Taking root s1 and plugging it back into our substitution for i(t) gives us:

$$i(t) = e^{s_1t}$$

$$i(t) = e^{t(-2+j2)}$$

$$i(t) = e^{-2t+2tj}$$

$$i(t) = e^{-2t}e^{j2t}$$

Recall Euhler's Identity:

$$e^{j \theta} = cos(\theta) + jsin(\theta)$$

...and if we apply it to the exponential term with the imaginary power, our expression for i(t) becomes:

$$i(t) = e^{-2t}[cos(2t) + jsin(2t)]$$

$$i(t) = e^{-2t}cos(2t) + je^{-2t}sin(2t)$$

We can disregard the imaginary "j" and realize the solutions to our differential equation are represented by the fundamental set:

$$f.s. =[e^{-2t}cos(2t),e^{-2t}sin(2t)]$$

Also remember that any constant multiplied by a solution to a differential equation is also a solution. Our fundamental set becomes:

$$f.s. =[Ae^{-2t}cos(2t),Be^{-2t}sin(2t)]$$

Additionally, recall that given two unique solutions to a 2nd order differential equation, the sum of those two unique solutions is also a solution. This gives us a general solution to eqn #1 of:

$$i(t) = Ae^{-2t}cos(2t) + Be^{-2t}sin(2t) \qquad(general \; solution)$$

### Obtain initial conditions i(0), i'(0) and v(0)

The purpose of determining the initial conditions i(0), i'(0) and v(0) is so that we can set up a system of equations that will allow us to solve for the constants (A and B) of our general solution for i(t)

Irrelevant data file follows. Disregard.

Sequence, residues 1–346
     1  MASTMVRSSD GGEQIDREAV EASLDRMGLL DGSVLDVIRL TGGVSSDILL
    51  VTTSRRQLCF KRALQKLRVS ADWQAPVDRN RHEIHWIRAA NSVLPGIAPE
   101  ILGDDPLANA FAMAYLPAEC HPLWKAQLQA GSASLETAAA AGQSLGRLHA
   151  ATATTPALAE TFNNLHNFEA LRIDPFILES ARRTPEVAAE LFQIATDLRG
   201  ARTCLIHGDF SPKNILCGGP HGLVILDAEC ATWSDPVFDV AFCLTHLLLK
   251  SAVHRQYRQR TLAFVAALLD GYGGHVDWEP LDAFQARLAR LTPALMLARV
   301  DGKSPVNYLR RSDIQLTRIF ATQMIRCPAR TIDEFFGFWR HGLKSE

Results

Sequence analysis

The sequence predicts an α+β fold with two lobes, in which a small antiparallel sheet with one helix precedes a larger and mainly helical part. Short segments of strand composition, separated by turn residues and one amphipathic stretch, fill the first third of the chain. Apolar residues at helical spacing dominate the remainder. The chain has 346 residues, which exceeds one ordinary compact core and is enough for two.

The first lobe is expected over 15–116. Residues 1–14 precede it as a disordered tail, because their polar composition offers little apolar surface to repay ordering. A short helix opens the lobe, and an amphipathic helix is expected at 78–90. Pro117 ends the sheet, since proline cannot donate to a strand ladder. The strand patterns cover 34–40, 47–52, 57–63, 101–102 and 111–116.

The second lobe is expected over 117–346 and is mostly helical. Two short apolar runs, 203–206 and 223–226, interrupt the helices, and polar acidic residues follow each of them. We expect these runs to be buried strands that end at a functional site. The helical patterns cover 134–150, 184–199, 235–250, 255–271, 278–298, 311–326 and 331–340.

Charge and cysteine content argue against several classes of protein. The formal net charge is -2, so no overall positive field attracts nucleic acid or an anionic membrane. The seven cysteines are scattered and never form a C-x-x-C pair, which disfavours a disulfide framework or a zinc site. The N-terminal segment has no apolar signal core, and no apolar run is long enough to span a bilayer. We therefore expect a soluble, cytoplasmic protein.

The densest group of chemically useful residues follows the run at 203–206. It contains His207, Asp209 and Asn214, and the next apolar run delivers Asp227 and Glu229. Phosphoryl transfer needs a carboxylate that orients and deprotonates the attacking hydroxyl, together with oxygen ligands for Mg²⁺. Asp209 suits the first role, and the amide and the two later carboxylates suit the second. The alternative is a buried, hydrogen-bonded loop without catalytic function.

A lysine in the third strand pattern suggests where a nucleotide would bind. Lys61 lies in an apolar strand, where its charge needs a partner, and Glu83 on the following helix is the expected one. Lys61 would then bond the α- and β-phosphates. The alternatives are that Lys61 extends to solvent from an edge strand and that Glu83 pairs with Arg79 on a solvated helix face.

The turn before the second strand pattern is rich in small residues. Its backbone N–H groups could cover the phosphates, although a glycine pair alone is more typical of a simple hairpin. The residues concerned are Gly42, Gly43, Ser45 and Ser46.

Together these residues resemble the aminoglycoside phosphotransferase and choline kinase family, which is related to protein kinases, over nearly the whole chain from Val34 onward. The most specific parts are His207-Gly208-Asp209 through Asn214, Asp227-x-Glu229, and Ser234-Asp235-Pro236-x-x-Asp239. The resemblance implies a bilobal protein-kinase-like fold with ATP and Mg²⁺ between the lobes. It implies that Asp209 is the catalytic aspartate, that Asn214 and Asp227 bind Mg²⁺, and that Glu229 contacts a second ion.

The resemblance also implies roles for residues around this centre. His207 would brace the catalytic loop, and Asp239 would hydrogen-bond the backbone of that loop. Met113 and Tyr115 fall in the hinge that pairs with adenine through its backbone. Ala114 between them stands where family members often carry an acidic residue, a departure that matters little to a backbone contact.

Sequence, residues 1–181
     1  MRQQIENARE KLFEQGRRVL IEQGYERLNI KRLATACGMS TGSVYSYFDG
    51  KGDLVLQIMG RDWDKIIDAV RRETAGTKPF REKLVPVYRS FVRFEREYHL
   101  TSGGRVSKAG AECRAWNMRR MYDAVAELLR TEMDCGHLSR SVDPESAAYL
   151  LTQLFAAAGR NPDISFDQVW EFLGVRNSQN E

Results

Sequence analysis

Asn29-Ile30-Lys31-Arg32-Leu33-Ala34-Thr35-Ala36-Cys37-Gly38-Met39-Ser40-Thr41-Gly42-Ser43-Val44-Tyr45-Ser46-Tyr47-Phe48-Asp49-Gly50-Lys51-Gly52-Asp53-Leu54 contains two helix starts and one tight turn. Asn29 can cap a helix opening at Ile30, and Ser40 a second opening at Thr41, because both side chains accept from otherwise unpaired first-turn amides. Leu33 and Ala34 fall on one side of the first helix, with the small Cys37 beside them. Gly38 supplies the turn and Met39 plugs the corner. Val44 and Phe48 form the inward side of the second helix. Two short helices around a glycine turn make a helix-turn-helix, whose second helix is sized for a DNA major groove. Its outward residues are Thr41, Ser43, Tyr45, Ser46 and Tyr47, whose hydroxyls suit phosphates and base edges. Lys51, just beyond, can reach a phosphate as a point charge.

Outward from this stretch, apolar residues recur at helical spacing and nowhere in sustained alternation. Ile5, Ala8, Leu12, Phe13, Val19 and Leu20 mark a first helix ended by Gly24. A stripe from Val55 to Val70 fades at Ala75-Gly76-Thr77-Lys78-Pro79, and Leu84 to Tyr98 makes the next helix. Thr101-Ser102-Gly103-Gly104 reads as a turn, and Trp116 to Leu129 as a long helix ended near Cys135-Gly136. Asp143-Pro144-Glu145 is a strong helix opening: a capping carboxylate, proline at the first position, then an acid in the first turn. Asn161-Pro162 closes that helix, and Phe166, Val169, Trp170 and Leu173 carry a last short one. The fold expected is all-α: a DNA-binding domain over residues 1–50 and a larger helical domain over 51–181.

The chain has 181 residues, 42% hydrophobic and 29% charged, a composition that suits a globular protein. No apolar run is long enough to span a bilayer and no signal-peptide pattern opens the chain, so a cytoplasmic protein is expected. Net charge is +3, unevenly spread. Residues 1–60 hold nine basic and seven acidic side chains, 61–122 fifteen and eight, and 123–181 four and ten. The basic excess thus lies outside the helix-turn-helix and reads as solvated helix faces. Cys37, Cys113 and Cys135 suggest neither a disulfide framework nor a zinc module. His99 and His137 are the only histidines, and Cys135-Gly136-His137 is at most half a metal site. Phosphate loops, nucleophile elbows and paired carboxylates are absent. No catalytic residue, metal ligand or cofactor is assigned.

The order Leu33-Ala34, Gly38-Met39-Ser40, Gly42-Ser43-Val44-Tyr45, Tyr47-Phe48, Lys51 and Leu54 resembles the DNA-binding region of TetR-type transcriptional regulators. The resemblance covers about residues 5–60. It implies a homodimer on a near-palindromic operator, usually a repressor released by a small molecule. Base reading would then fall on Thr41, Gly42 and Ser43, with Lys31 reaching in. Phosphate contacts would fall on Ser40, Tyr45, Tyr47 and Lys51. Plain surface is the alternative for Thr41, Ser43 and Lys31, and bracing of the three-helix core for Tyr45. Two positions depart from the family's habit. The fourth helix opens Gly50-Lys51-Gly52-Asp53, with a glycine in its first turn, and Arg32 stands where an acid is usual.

First, let's consider the circuit for t<0 and assume that the switch has been closed for a long enough period of time that we can assume steady state conditions for the circuit. Under steady state conditions, the inductor acts as a short circuit and the capacitor acts as an open circuit. Also note that the voltage across a capacitor and the current through an inductor cannot change instantaneously such that:

$$i_L(0^-) = i_L(0^+) = i_L(0)$$

$$V_C(0^-) = V_C(0^+) = V_C(0)$$

...where "+" and "-" represent points in time immediately before and after the changing of the switch position at t=0.

Such a situation is represented by the circuit below:

...where i(0) and v(0) represent the current through the inductor and voltage across the capacitor at t=0.

Solving for i(0) and v(0):